This piece was written as an academic blog for one of my university modules- hope you enjoy!
‘Information and communication technologies (ICTs) are building a new habitat
(infosphere) in which future generations, living in advanced information
will spend an increasing amount of time.’ – Luciano Floridi, 2011
I am this future generation- in 2011 I was in year seven and nine years later I am a university student whose life as I transitioned from child to adult has been defined by technology.
It is perhaps, natural then that as Floridi anticipates in The Construction of Personal Identities Online, that I have had a varying relationship with online and offline identities.
In the years spanning my early teens, my online self was non-existent. I watched YouTube videos, I had a phone, but my social media presence simply didn’t exist. It was around the time I turned 16 that I became a late bloomer to the world of social media. I owned several accounts that became vital when I moved out of my hometown of London and into Norwich. This should (emphasis on should) have been the time that social media was my lifeline- as it was quite literally my only way to stay in touch with school friends and meet new college mates.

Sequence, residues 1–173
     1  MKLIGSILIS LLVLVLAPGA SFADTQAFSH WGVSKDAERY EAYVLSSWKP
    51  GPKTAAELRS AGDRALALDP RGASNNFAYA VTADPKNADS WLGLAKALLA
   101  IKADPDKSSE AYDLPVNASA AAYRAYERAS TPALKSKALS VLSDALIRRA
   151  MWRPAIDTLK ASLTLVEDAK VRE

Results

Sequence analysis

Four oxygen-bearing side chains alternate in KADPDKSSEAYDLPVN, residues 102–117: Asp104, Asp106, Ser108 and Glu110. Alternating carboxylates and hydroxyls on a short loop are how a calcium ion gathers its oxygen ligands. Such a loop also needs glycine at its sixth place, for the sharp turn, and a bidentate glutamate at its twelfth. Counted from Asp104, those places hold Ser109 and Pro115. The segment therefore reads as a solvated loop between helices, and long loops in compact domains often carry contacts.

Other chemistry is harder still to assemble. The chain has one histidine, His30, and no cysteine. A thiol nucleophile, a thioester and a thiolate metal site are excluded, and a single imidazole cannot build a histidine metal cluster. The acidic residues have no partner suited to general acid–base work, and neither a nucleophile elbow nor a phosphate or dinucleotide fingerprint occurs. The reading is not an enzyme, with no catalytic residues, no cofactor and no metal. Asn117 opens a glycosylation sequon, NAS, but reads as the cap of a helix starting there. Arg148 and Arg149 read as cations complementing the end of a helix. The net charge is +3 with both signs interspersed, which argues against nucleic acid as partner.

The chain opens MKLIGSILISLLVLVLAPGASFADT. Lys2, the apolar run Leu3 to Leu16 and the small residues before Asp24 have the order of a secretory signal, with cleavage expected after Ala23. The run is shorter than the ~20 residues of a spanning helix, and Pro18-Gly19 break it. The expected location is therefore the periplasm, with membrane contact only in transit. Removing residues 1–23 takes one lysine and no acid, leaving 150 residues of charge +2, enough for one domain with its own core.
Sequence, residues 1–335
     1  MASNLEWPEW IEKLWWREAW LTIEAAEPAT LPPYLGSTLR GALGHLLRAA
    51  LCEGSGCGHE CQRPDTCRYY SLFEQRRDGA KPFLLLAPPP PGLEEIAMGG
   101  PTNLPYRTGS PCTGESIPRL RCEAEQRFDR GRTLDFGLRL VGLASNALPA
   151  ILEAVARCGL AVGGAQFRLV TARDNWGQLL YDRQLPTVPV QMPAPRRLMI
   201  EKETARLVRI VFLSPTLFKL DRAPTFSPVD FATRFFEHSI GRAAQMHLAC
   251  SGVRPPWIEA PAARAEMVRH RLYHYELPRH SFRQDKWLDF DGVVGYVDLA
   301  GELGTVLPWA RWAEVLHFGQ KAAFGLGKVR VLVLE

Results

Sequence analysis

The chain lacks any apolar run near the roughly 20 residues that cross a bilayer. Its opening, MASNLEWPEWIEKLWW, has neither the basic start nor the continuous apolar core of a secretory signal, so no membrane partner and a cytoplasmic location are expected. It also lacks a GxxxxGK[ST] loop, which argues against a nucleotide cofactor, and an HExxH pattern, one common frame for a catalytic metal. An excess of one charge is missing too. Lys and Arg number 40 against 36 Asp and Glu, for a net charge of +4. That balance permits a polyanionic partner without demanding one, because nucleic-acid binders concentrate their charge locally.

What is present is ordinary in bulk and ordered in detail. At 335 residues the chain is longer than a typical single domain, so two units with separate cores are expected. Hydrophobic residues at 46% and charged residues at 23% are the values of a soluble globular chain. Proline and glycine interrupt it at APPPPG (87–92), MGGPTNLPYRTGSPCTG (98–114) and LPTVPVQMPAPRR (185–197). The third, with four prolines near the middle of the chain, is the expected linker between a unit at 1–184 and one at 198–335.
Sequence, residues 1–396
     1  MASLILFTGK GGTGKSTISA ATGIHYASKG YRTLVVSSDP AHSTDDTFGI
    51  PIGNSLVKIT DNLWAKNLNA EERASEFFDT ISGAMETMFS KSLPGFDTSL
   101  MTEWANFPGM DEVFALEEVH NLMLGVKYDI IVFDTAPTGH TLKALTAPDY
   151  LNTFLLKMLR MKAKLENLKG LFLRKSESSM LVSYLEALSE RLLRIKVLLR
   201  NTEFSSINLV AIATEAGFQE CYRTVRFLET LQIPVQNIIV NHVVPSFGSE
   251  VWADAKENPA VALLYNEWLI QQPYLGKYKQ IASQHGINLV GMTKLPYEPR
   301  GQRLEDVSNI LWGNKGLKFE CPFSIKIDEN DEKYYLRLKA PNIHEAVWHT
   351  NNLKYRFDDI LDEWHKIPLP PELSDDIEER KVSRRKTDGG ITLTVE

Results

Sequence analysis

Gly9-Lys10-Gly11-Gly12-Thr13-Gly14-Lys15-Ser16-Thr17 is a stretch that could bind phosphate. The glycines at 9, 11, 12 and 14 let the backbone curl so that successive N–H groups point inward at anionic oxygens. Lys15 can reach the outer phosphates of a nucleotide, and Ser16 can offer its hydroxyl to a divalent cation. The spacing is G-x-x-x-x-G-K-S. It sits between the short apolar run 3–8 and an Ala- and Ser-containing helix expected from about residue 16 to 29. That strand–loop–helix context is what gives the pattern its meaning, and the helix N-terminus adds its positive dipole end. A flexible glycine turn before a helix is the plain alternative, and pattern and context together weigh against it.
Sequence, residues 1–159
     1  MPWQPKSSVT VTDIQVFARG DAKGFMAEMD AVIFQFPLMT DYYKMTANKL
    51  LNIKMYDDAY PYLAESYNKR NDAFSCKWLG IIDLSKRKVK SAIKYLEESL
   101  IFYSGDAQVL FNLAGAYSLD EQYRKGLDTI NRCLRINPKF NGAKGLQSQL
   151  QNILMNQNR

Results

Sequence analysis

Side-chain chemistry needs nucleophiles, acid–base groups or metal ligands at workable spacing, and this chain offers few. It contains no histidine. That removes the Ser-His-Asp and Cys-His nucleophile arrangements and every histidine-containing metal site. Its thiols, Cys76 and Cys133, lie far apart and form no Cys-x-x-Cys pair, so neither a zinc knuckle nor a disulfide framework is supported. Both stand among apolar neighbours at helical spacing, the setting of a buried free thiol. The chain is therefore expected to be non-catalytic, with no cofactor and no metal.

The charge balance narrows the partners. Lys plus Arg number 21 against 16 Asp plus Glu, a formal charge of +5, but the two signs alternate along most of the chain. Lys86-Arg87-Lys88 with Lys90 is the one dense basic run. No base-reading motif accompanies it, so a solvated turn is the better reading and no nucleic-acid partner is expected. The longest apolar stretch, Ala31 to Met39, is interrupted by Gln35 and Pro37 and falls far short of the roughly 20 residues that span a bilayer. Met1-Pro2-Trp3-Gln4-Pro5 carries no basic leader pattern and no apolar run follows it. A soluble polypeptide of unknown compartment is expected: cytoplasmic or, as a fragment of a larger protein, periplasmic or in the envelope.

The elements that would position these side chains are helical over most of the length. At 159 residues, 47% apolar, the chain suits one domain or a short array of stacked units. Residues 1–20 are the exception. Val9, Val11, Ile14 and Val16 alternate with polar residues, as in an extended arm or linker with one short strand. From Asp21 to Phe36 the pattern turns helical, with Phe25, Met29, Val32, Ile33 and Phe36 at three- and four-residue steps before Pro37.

In a college where the vast majority of students lived an hour or more away, most socialisation occurred via messaging apps- my entire world existed in a space where I couldn’t define who I was and unfortunately, it became somewhere that the people I met defined me. I became Amy from London, Amy who started college later than everyone else, Amy the ‘angry feminist’, Amy the …... Floridi writes in his article that there are two sides to experiences online. If I had to define this period it would undeniably fall into the ‘wrong kind of onlife experience.’
For the next few years, I was somewhat of an online recluse, keeping all social media accounts open but rarely using them until… university. I was 19 with a quiet presence online, one which grew through little choice of my own because I felt like I had to virtually connect with other students to make any friends. Yet, as I spent more time constructing a personality online, I realised how detached from myself I was becoming- if I was going to spend an increased time here, it was going to have to be a space where I could be myself. A space where I didn’t feel I was putting my best foot (or selfie) forward to impress the ‘cool kids’ of my course.
So, I created a blog and an Instagram account to go with it. Over a year on these are the only places where I now have an online personality, the ‘personal’ accounts of my past have been abandoned for the performances they were as I talk to a community of followers and friends about things I actually enjoy. I have connected with like-minded individuals; I have made friends I never would’ve met offline and I’ve learnt an abundance of skills. In other words, I’ve had Floridi’s ‘experiential enrichment.’
I’ve seen both sides of the coin, and I’m lucky to be someone who flipped it to a point where my head is held high because sadly many stories do not end that way. Almost everyone I know has social media accounts. Perhaps the question no longer should be how is this affecting us? But instead, how can we flip more coins?